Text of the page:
INSERT INTO Employees ([Name], Email, Phone_Number) VALUES 
    ('Demo Data', 'demo@contoso@com', '123-456_7890') 

--Success:
INSERT INTO Employees ([Name], Email, Phone_Number) VALUES 
    ('Demo Data', 'demo@contoso.com', '123-456-7890')

 

Filter rows based on regex condition:

For example, the following query returns all the rows from the Employees table where the email address domain ends with '.com'.

 

-- find all the employees whose email addresses end with .com
SELECT [Name], Email
FROM Employees
WHERE REGEXP_LIKE(Email, '\.com$');

 

Results:

Name 

Email 

John Doe 

john@contoso.com 

Alice Smith 

alice@fabrikam.com 

Eve Jones 

eve@contoso.com 

 

REGEXP_COUNT

This function returns the number of times a regex pattern matches in the input string. You can use it to count the occurrences of a pattern within a string. For example, the following query returns the number of vowels in each Employee’s name.

 

-- for each employee, count the number of vowels in their name
SELECT [Name], REGEXP_COUNT([Name], '[AEIOU]',1,'i') AS Vowel_Count
FROM Employees;

 

Results:

Name 

Vowel_Count 

John Doe 

Alice Smith 

Bob Johnson 

Eve Jones 

Charlie Brown 

 

REGEXP_INSTR

This function returns the starting or ending position, based on the specified option, of the given occurrence of a regular expression pattern in a string. You can use it to locate the index of a pattern within a string. For example, the following query returns the position of '@' in each Employee's email address.

 

-- for each employee, show their name, email, and the position of the @ sign in their email
SELECT [Name], Email, REGEXP_INSTR(email, '@') AS Position_of_@
FROM Employees;

 

Results:

Name 

Email 

Position_of_@ 

John Doe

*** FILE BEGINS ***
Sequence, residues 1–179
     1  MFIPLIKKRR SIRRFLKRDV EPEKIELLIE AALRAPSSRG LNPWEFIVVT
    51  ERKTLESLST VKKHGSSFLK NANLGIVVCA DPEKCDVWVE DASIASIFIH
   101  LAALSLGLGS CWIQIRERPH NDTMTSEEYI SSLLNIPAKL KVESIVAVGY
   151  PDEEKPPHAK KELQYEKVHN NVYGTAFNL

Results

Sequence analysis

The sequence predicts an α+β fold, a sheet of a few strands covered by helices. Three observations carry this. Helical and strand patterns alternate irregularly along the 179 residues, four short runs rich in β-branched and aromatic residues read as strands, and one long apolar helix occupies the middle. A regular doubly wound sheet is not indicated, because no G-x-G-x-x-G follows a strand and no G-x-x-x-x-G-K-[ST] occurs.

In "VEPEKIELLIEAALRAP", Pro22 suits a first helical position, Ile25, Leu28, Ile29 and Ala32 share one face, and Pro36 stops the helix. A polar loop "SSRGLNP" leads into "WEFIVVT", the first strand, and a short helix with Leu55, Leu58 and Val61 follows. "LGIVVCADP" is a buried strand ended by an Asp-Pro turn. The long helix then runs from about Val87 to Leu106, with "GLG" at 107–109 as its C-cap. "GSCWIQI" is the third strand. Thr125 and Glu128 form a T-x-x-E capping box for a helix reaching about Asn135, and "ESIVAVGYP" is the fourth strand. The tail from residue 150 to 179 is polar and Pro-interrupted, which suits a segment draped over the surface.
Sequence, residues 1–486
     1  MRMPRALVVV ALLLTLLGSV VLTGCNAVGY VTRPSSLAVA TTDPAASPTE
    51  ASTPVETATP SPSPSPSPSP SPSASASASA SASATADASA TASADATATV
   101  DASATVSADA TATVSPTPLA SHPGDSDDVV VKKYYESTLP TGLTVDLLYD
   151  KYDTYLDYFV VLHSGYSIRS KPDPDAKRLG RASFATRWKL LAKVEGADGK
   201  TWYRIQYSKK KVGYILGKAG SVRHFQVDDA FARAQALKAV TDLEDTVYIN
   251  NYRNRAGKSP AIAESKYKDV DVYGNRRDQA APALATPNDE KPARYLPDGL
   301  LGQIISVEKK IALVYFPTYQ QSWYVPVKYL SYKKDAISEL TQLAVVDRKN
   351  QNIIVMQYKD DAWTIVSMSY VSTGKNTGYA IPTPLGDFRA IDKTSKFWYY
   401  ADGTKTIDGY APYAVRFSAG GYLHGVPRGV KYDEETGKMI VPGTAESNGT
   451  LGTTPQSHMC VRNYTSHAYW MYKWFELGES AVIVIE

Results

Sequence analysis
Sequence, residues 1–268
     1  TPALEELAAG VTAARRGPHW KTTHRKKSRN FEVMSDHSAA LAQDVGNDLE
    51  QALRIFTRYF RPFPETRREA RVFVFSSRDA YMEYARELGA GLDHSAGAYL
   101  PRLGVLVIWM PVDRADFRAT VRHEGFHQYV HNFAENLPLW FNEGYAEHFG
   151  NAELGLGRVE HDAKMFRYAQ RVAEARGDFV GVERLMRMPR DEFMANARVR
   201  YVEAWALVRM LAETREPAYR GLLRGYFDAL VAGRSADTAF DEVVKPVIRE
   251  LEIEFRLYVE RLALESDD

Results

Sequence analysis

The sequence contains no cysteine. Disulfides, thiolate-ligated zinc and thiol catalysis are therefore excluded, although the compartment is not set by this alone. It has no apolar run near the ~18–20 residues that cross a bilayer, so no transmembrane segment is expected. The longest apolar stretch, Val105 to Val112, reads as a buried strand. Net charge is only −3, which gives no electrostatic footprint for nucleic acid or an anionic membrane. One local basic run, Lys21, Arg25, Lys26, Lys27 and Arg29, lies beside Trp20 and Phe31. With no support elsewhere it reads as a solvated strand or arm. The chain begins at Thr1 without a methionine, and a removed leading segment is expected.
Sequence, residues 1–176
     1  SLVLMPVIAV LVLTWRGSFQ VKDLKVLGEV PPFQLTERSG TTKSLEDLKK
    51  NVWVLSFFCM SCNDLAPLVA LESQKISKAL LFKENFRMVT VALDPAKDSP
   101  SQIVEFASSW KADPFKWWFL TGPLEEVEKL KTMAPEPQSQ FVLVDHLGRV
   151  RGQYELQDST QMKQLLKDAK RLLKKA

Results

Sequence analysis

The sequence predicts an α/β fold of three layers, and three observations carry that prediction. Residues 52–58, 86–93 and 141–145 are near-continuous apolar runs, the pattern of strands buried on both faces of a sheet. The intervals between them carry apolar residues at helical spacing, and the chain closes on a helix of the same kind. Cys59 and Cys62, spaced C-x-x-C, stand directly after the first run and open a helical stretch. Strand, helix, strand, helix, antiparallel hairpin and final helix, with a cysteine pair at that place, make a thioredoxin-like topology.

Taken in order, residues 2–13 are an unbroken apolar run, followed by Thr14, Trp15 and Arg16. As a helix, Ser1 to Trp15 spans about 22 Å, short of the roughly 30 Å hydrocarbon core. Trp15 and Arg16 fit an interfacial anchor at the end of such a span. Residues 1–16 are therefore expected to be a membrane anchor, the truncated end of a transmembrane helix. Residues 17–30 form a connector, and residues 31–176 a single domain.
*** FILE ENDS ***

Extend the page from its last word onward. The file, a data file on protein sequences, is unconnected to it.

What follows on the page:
john@contoso.com 

Alice Smith 

alice@fabrikam.com 

Bob Johnson 

bob@fabrikam.net 

Eve Jones 

eve@contoso.com 

Charlie Brown 

charlie@contoso.co.in 

 

REGEXP_REPLACE

This function returns a modified string replaced by a ‘replacement string’, where occurrence of the regular expression pattern found. You can use it to modify or transform text data based on a regex pattern. For example, the following query returns the phone number of each Employee in a standardized format.

 

-- format the phone numbers in the Employees table to the format (XXX) XXX-XXXX.
SELECT Phone_Number, REGEXP_REPLACE(Phone_Number, '(\d{3})-(\d{3})-(\d{4})', '(\1) \2-\3',1) AS Phone_Format
FROM Employees;

 

Results:

EMP_PHONE 

PHONE_FORMAT 

123-456-7890 

(123) 456-7890 

234-567-8901 

(234) 567-8901 

345-678-9012 

(345) 678-9012 

456-789-0123 

(456) 789-0123 

567-890-1234 

(567) 890-1234 

 

REGEXP_SUBSTR

This function returns the substring that matches the regular expression pattern from a string. You can use it to extract parts of a string based on a regex pattern. For example, the following query returns the domain name of each employee's email address.

 

-- for each employee, show the domain of their email address
SELECT [Name], Email, REGEXP_SUBSTR(email, '@(.+)$', 1, 1,'c',1) AS Domain
FROM Employees;

 

Results:

Name 

Email 

Domain 

John Doe 

john@contoso.com 

contoso.com 

Alice Smith 

alice@fabrikam.com 

fabrikam.com 

Bob Johnson 

bob@fabrikam.net 

fabrikam.net 

Eve Jones 

eve@contoso.com 

contoso.com 

Charlie Brown 

charlie@contoso.co.in 

contoso.co.in 

 

Private Preview Sign-up

We are currently accepting requests from customers who would like to participate in the private preview and try out the regex feature. If you are interested, please fill out this form: https://aka.ms/regex-preview-signup

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Wrapping up

We value your feedback and suggestions as we continue to improve and enhance SQL DB. Please let us know what you think of the regex feature and how it helps you with your data analysis and manipulation. You can submit your feedback using this Form or leave a comment on this blog.

 

Thank you for choosing Azure SQL Database as your data platform. We hope you enjoy the regex feature and find it beneficial for your needs.

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‎Apr 03 2024 03:41 AM